110 S. 1st
Chicago-Northwestern Railroad Depot- The Depot was originally named ‘Wadsworth’ after Major H. E. Wadsworth as a gesture of appreciation to the Wind River Indian Reservation superintendent by the Chicago & North Western Railroad. However, numerous Riverton townspeople believed that H.E. Wadsworth had worked against their interests and were upset over the sign at the depot, and as a result, during the first week of November 1906, the ‘Wadsworth’ sign was removed and replaced with ‘Riverton.’
The first depot building operated until 1916 when General Manager Walters of the Chicago and Northwestern, of Omaha, arrived in Riverton in August of 1916. Mr. Walters approved a move of the depot building to the south side of Main Street and as well as a modernization. Additionally, cement walks were also built connecting the depot directly to Main Street. The newly remodeled depot building featured separate waiting rooms for men and for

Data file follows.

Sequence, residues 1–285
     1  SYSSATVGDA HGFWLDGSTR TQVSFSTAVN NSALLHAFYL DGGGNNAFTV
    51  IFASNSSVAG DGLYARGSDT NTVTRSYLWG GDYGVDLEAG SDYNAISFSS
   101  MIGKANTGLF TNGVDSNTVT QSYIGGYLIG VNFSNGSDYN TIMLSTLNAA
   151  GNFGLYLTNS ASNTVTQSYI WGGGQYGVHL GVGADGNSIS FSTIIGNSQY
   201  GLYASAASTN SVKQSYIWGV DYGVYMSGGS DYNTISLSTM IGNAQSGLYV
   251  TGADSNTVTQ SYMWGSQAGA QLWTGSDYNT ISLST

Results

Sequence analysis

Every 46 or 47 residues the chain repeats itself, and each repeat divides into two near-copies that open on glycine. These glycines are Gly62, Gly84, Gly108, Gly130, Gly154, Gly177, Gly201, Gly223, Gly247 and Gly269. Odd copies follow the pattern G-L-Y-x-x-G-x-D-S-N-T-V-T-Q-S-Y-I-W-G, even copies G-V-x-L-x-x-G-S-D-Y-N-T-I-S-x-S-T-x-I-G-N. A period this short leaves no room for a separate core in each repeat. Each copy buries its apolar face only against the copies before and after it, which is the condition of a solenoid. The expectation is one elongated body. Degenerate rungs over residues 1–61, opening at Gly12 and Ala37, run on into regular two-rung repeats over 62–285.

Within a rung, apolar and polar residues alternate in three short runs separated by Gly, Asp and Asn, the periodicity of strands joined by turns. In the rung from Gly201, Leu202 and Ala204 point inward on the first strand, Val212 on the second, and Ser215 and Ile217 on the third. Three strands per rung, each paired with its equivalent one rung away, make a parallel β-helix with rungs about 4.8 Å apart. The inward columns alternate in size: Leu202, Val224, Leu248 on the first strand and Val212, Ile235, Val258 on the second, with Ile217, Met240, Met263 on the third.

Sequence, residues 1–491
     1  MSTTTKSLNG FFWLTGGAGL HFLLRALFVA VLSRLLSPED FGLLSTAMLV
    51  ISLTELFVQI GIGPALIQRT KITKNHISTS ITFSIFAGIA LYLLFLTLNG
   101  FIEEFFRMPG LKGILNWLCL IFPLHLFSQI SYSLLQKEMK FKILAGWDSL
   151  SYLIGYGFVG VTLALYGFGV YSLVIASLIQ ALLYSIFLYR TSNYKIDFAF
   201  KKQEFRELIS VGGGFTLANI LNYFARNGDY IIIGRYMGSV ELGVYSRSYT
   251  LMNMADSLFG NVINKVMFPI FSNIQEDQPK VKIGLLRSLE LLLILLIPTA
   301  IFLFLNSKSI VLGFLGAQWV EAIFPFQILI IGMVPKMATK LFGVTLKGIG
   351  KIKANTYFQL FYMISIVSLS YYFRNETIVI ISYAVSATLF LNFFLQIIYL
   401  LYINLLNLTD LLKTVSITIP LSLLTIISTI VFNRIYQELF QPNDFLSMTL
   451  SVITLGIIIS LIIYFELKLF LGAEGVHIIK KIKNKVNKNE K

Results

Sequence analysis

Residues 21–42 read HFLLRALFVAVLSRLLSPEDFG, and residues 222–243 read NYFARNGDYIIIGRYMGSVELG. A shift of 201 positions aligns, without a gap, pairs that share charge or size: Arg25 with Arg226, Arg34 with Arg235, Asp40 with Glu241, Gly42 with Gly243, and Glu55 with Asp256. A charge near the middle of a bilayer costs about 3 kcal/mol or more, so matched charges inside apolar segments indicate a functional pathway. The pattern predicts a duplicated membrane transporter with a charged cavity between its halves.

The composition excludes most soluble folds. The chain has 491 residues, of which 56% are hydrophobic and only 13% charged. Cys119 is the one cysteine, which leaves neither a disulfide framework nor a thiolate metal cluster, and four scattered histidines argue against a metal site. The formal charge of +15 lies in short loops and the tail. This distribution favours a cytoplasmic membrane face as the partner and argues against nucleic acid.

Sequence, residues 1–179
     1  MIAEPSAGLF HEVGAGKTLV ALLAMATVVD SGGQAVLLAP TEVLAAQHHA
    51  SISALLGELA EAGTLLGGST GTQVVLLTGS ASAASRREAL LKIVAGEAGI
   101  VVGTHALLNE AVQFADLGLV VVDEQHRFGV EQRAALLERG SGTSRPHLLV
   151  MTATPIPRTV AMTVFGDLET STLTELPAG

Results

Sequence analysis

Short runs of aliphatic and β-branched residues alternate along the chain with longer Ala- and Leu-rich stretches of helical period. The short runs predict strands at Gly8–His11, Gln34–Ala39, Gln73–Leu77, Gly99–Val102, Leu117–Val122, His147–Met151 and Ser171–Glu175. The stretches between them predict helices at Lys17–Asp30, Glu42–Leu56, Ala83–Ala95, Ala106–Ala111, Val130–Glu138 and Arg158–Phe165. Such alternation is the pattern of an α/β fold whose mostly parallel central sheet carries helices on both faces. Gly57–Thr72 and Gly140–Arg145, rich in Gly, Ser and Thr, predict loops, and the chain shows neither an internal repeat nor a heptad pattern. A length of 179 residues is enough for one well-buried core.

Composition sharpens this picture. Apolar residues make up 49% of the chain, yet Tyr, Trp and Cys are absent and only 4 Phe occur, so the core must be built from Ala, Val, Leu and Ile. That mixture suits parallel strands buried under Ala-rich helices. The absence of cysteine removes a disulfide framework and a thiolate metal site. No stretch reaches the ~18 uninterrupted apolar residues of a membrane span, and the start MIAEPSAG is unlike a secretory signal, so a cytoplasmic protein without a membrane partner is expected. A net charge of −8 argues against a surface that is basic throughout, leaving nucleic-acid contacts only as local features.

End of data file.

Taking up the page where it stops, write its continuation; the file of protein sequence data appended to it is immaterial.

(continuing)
women, a ticket and business office, and lighting.
1984 saw a decline in railroad activity. The Chicago & Northwestern began the process of halting their rail service in the area, and by 1988 had completely shut down the rails
from Casper in to Riverton despite efforts of the Fremont County Commissioners,
Wyoming’s Congressional delegation, and local legislative and governmental officials to keep
the lines open. The tracks were eventually removed in the early 1990s as part of the
‘Rails to Trails’ project.
The Riverton Depot remained as a historic building after the rails were closed and was saved
from demolition and restored in 1976.
- In 1906, the Riverton Depot was located on the north side of Main Street, on the west side of the tracks. In 1917, the Depot was moved to the south side of Main Street. In order to complete this move, the Depot building was lifted onto a flatbed rail car, taken by rail to Shoshoni where the car could be turned, and transported back to Riverton.